Monday, December 23, 2002
Everybody will fear me now. Rob gave me a digital camera for my birthday!
These are the cacti on my cluttered desk.
Even Rob's mom gave me a present early when I went by her house yesterday to drop off some gifts. She handed me a cardboard box with holes in it and said, "There's a critter in there."
This is the cat Rob's mom gave me.
The radiators in my apartment have been giving me nightmares these past few nights, I think. I should be used to their clanking, but somehow I've woken up every night this past week thinking that someone was in the apartment with me.
The ghostly radiators that over- and under-heat our apartment.
>> 9:21 AM
Sunday, December 22, 2002
Here's a list of movies I will probably try to catch in the next couple of weeks, in no particular order:
- Star Trek: Nemesis
- The Hours
- The Two Towers
- Bowling for Columbine
- Die Another Day
- Far From Heaven
>> 7:01 PM
Saturday, December 21, 2002
I'm trying to figure out what I mean when I say I want to figure out how to move forward progressive politics without relying simply on the transformative potential of critique and revelation. I am actually totally behind people who are like the town criers, researching various social issues and exposing corrupt practices, discriminatory policies, etc. These people are easily parodied as strident, didactic, and lacking humor, but of course what they say is very important. What I'm interested in is how other people can take these critiques of our world and turn them into active programs for change. This is why I'm interested in the law. But in another way, it's also why I'm interested in literature and other cultural work. Progressive social work must be more than just social critique; it must provide alternatives, concrete projects for changing existing policies, institutions, and mores.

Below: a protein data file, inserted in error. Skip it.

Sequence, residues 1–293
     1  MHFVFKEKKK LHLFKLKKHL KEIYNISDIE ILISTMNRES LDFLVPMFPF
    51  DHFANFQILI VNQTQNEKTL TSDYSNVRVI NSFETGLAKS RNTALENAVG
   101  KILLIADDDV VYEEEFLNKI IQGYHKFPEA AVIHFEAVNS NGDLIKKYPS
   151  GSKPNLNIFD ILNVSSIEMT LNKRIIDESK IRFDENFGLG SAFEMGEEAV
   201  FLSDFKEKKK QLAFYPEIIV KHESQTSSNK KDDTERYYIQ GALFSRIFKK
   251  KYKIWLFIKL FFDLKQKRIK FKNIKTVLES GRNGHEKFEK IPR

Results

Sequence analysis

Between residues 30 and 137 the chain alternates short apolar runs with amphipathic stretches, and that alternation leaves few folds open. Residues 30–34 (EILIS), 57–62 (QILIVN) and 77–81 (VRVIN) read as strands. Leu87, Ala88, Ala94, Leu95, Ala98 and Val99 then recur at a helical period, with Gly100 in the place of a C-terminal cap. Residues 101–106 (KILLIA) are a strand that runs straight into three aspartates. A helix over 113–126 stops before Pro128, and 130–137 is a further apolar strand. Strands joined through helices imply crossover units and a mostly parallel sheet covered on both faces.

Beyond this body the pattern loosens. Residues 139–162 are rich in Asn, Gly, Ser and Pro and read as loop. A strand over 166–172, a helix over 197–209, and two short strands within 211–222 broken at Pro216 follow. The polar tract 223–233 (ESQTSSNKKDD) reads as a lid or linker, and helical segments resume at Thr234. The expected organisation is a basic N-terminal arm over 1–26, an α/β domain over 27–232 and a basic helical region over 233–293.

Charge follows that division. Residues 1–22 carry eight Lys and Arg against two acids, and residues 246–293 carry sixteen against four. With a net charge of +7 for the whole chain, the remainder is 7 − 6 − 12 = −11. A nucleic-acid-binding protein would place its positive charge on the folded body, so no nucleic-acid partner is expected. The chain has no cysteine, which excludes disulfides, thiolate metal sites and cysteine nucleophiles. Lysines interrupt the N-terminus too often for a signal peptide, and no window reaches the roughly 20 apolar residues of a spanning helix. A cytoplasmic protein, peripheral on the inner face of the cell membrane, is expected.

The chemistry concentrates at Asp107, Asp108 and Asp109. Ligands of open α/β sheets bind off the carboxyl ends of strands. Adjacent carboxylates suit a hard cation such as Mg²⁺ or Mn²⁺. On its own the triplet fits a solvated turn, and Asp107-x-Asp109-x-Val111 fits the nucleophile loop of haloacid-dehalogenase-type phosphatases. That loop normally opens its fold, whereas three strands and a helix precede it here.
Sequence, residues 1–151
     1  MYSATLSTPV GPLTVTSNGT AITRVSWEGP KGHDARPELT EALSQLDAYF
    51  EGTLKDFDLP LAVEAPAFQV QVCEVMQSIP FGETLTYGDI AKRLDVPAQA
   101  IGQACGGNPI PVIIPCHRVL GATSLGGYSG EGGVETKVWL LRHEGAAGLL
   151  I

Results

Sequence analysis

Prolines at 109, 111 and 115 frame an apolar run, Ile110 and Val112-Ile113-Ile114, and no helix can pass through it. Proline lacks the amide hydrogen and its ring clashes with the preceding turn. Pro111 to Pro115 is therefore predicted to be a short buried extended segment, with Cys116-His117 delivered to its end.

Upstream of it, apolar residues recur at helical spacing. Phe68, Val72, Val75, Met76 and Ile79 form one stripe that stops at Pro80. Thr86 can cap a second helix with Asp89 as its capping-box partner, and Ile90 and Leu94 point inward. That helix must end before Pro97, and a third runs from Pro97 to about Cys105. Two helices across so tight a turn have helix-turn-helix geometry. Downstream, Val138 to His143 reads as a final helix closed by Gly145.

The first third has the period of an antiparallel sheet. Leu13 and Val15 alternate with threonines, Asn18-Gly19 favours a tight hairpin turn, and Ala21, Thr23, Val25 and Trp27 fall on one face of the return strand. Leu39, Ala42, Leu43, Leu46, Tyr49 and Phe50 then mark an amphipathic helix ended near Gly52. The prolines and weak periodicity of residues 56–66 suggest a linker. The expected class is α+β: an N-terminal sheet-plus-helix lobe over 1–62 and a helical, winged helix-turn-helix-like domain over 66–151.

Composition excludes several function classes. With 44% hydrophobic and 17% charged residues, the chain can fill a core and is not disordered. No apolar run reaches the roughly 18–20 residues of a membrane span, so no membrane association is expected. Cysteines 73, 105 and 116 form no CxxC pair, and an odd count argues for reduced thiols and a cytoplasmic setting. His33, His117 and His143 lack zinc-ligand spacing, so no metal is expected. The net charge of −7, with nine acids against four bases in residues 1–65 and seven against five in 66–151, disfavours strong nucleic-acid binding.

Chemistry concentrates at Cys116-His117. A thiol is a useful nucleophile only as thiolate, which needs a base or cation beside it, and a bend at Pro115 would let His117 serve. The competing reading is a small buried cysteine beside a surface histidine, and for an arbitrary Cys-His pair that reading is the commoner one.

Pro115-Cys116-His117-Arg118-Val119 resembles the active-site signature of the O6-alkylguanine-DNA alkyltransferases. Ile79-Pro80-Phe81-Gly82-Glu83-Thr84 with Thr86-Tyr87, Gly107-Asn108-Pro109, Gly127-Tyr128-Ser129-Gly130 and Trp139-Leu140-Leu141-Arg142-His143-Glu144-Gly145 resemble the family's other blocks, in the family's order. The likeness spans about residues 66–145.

I think a lot of social justice agencies put a lot of emphasis on "education." They seem to believe that simply explaining to people (the general public, our elected legislators, etc.) that there are some egregious wrongs in the world -- like inadequate healthcare for the poor, unfair hiring practices for management-level jobs, increasingly violent hate crimes against queers -- that things will change for the better. Unfortunately, knowledge alone does not do enough of the important systemic and cultural work needed for economic justice, racial equality, sexual freedom, etc.
So what can we do? How can we stop our critical voices from being mocked for their sincerity? How can we stop our research and calls for change from being co-opted by the current social order?